If money seems to disappear from your bank account without being accounted for, it might be time to come up with some clever ways to make the most of your income.
Until you're in the habit of saving money, the task can seem daunting. But even for those who regularly set money aside, keeping that money in savings can be just as difficult.
As financial adviser Brian Ramsay, with WealthSpan Partners in Davenport, has often said, "pay yourself first." Before you plan out your expenses for the month, he said it's important to set aside money for investments and savings.
But if you find yourself regularly withdrawing from your savings accounts, it might be time to explore different ways to help your money stick around.
Automatically pay yourself
Automating your savings is a simple, thoughtless practice that could pay off.
Many people already automate payments for bills and expenses. Testing out that method with savings could help ward off the temptation to spend your entire paycheck.
Financial advisers suggest setting up automatic transfers from your paycheck to your retirement fund, savings account or other investment accounts.
Divide and conquer
Financial advisers also recommend dividing up your savings accounts.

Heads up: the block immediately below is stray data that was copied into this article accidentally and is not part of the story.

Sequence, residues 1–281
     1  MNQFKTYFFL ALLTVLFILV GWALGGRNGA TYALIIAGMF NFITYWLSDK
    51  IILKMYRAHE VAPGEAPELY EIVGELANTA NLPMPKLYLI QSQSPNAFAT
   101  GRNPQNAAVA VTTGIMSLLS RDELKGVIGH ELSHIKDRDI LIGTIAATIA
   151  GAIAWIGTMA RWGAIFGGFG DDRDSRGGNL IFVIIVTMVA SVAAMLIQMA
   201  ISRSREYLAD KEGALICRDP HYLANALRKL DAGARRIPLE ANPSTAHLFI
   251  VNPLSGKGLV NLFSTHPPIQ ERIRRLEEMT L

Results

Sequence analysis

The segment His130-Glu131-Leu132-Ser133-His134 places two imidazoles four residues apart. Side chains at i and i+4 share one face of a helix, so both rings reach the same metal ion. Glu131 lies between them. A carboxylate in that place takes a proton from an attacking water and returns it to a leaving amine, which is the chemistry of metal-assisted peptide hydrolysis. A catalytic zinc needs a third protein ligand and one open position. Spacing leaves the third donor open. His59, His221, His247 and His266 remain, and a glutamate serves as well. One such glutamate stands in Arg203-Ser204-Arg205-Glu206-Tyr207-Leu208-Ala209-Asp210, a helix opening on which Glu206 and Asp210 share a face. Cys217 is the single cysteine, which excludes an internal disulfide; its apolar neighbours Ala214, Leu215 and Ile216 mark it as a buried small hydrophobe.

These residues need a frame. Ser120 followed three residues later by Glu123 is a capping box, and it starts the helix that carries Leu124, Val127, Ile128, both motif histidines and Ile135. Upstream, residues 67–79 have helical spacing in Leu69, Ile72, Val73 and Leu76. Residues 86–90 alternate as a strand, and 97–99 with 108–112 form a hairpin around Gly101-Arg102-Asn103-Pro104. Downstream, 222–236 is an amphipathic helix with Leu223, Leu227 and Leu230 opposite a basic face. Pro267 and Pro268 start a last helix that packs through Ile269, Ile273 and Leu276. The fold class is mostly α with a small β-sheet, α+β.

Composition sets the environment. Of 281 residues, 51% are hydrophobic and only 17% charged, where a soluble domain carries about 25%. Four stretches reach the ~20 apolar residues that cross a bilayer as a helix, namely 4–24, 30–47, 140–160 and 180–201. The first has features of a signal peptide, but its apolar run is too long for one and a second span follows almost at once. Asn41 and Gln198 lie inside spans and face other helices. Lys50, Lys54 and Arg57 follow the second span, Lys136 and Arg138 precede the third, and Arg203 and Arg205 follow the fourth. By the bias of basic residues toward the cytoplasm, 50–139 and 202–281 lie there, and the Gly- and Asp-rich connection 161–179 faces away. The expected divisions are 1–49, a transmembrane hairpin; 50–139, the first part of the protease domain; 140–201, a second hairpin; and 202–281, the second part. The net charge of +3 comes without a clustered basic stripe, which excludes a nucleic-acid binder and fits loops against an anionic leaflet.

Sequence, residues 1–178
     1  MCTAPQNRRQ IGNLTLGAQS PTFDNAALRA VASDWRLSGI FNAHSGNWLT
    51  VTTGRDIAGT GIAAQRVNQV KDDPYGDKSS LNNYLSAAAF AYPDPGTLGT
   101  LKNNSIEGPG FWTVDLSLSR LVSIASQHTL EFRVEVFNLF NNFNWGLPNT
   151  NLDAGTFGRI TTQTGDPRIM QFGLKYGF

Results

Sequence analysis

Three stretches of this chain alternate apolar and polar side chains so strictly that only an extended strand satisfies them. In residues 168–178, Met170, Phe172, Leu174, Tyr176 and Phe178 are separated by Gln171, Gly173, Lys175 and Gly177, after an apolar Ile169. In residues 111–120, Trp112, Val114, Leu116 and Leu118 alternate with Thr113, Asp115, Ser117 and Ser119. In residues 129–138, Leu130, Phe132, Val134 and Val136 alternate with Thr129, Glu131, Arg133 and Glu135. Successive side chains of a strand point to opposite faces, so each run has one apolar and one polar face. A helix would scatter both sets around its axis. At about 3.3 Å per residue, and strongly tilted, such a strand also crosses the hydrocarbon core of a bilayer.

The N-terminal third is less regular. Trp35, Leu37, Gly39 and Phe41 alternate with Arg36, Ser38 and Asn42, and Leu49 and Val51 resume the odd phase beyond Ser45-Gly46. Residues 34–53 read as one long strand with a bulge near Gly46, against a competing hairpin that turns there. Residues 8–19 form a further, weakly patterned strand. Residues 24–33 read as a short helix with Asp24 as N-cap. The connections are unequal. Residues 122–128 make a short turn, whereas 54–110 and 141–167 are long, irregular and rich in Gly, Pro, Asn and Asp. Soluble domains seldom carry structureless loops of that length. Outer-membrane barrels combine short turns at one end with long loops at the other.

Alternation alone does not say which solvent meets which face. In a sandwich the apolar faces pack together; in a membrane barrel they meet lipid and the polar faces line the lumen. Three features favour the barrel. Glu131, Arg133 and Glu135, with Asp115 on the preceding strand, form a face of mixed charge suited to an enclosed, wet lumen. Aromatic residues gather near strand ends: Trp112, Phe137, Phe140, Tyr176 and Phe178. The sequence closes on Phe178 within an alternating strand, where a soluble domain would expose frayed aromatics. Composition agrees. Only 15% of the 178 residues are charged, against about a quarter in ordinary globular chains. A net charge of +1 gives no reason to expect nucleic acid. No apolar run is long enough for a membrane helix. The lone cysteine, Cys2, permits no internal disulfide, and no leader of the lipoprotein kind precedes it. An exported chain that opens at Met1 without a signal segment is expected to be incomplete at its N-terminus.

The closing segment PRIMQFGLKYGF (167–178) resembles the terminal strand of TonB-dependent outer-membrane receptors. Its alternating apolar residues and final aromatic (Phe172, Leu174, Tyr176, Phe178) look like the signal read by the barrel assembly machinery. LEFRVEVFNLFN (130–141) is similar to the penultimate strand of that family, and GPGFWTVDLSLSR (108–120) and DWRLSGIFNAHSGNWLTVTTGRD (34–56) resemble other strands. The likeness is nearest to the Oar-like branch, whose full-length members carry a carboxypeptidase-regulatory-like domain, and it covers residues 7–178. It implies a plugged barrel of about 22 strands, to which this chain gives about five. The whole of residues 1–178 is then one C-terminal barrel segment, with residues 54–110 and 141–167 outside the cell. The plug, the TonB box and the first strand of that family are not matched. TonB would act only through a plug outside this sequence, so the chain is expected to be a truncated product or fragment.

Opening several savings accounts for different purposes, and naming them appropriately, could help deter you from spending the money elsewhere.
Matt Sivertsen, a financial adviser with the Planning Center in Moline, said in a previous interview that having and naming separate savings accounts is an effective way to save for vacations, Christmas, that new car or other goals.
Having goals connected to your savings could help you realize what you're sacrificing by taking out that money.
Save your raise, extra income
If you've earned a raise or some extra income, financial advisers suggest treating your financial situation no differently than before.
"Unfortunately, what most people do when they get raises — because a lot of people would get a raise or bonus each year through work — is they find something new to spend their money on. Instead of taking that new higher wage and applying it toward savings or building an emergency fund," Ramsay said.
One way to trick yourself into saving money is ignoring the raise by continuing to live on the same budget and putting extra money into your retirement or savings accounts. Or at the very least, spend a small percentage of the raise and put the rest aside.
Keep budgeting for payments, even when they end
Another way to trick yourself into saving is to pretend you're still paying off a loan, even after it's paid off.
Continue budgeting for that student loan or car payment, but rather than sending it to the loan company, transfer it to savings or your retirement account. Take advantage of the budgeting discipline you've used for years, but instead, pay yourself.